Deteriorating conditions led staff to warn of a rise in violence, with migrants making blades out of tent parts, loo roll holders and broken bits from the wired fence.
The site, which was designed to hold 1,600 was found to be crammed with 4,000 migrants earlier this month as officials struggled to cope with record numbers of arrivals.
On Saturday a man who arrived in the UK on a small boat died after staying at Manston.
The Independent Office for Police Conduct (IOPC) is now preparing to investigate the death after the Home Office referred itself to the police watchdog.
A Home Office spokesman said: ‘Staff across the Home Office have worked tirelessly under challenging circumstances to source alternative accommodation as quickly as possible for those who have been processed at Manston.
‘Thanks to their efforts, there are currently no people being accommodated on-site, and improvements continue to be made to the site to ensure it remains well-resourced to process migrants safely and securely.
‘The global migration crisis continues to place an unprecedented and unsustainable strain on our asylum system, which is why we remain focused on deterring illegal migration and disrupting the criminal gangs responsible for these dangerous crossings.’
The Prime Minister’s official spokesman told reporters today: ‘Manston by design is meant to be a temporary holding facility where people are processed before moving on – normally fairly quickly.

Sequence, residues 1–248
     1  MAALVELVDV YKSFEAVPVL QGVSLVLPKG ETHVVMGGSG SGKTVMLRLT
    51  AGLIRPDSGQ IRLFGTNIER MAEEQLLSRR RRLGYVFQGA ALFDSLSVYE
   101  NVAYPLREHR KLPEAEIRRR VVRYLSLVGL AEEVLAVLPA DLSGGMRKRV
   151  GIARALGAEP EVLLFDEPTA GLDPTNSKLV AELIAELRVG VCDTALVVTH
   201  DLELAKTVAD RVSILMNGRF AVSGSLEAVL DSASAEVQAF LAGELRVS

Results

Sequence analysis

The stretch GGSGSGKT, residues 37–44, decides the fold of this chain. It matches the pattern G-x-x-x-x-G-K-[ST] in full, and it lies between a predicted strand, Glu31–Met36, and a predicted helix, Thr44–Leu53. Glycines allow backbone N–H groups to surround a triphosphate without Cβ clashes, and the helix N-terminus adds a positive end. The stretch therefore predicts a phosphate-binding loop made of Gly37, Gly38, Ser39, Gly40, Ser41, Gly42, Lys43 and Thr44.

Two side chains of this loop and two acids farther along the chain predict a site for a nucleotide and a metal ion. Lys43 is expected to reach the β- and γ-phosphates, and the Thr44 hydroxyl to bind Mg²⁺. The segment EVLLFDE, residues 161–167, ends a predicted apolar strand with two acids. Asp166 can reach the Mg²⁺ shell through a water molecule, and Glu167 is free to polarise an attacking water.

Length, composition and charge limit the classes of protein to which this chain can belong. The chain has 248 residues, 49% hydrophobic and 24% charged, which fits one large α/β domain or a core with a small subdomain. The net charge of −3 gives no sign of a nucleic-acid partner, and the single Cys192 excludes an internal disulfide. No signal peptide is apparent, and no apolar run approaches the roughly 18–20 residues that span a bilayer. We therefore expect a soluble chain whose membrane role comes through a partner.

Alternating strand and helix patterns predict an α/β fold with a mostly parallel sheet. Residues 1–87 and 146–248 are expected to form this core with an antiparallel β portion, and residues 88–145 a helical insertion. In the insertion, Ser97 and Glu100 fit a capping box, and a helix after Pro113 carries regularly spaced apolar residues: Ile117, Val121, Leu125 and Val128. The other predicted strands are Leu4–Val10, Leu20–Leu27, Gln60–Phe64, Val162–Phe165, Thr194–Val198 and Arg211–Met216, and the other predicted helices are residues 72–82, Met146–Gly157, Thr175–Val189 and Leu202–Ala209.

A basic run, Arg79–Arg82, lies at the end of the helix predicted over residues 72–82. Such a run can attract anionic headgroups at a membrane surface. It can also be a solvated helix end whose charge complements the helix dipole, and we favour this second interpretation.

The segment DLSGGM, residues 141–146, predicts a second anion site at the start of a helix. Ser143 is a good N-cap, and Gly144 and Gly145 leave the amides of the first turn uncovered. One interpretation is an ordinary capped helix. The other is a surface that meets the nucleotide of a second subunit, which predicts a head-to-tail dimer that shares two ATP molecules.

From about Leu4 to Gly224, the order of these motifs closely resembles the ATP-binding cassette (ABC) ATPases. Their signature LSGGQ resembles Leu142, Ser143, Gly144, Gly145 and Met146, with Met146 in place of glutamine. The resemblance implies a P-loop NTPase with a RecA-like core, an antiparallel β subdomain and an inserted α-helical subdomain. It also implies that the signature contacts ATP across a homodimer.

‘There were immediate challenges particularly after the attack at the other centre which caused numbers to spike so you would expect numbers to be relatively low on a daily basis a people are moved through quickly.’
Yesterday Immigration Minister Robert Jenrick said the number of migrants at Manston stood at 300, following a high of more than 4,000.
The small boats crisis has dominated headlines over the past few weeks, with ministers under fire for overcrowding chaos at the holding centre in Kent.
Asylum seekers are meant to be at the site for only short periods of time while undergoing security and identity checks.
Some people have been held for longer stretches due to a lack of alternative accommodation, with concerns raised over poor conditions.
The man who died on Saturday is said to have arrived in the UK on November 12 and was taken straight to hospital.
But he was later discharged and taken to Manston, before becoming ill on Friday.
The man died after becoming ill at Manston immigration centre on Saturday morning
Refugee charities and the Shadow Home Secretary Yvette Cooper led calls for an investigation on Saturday evening.
A Home Office spokesperson said there was ‘no evidence at this stage to suggest that this tragic death was caused by an infectious disease’.
They added: ‘We take the safety and welfare of those in our care extremely seriously and provide 24/7 health facilities with trained medical staff at Manston.’
The news follows weeks of controversies around conditions at immigration centres in the UK, especially at Manston.
The immigration centre, designed to be stayed at for no more than 48 hours, is currently home to many vulnerable asylum seekers fleeing war or persecution, including women and children.
New figures obtained by the charity Refugee Council showed the scale of a huge backlog in asylum applications, including 155 children who have been waiting for an initial decision on their case for more than five years.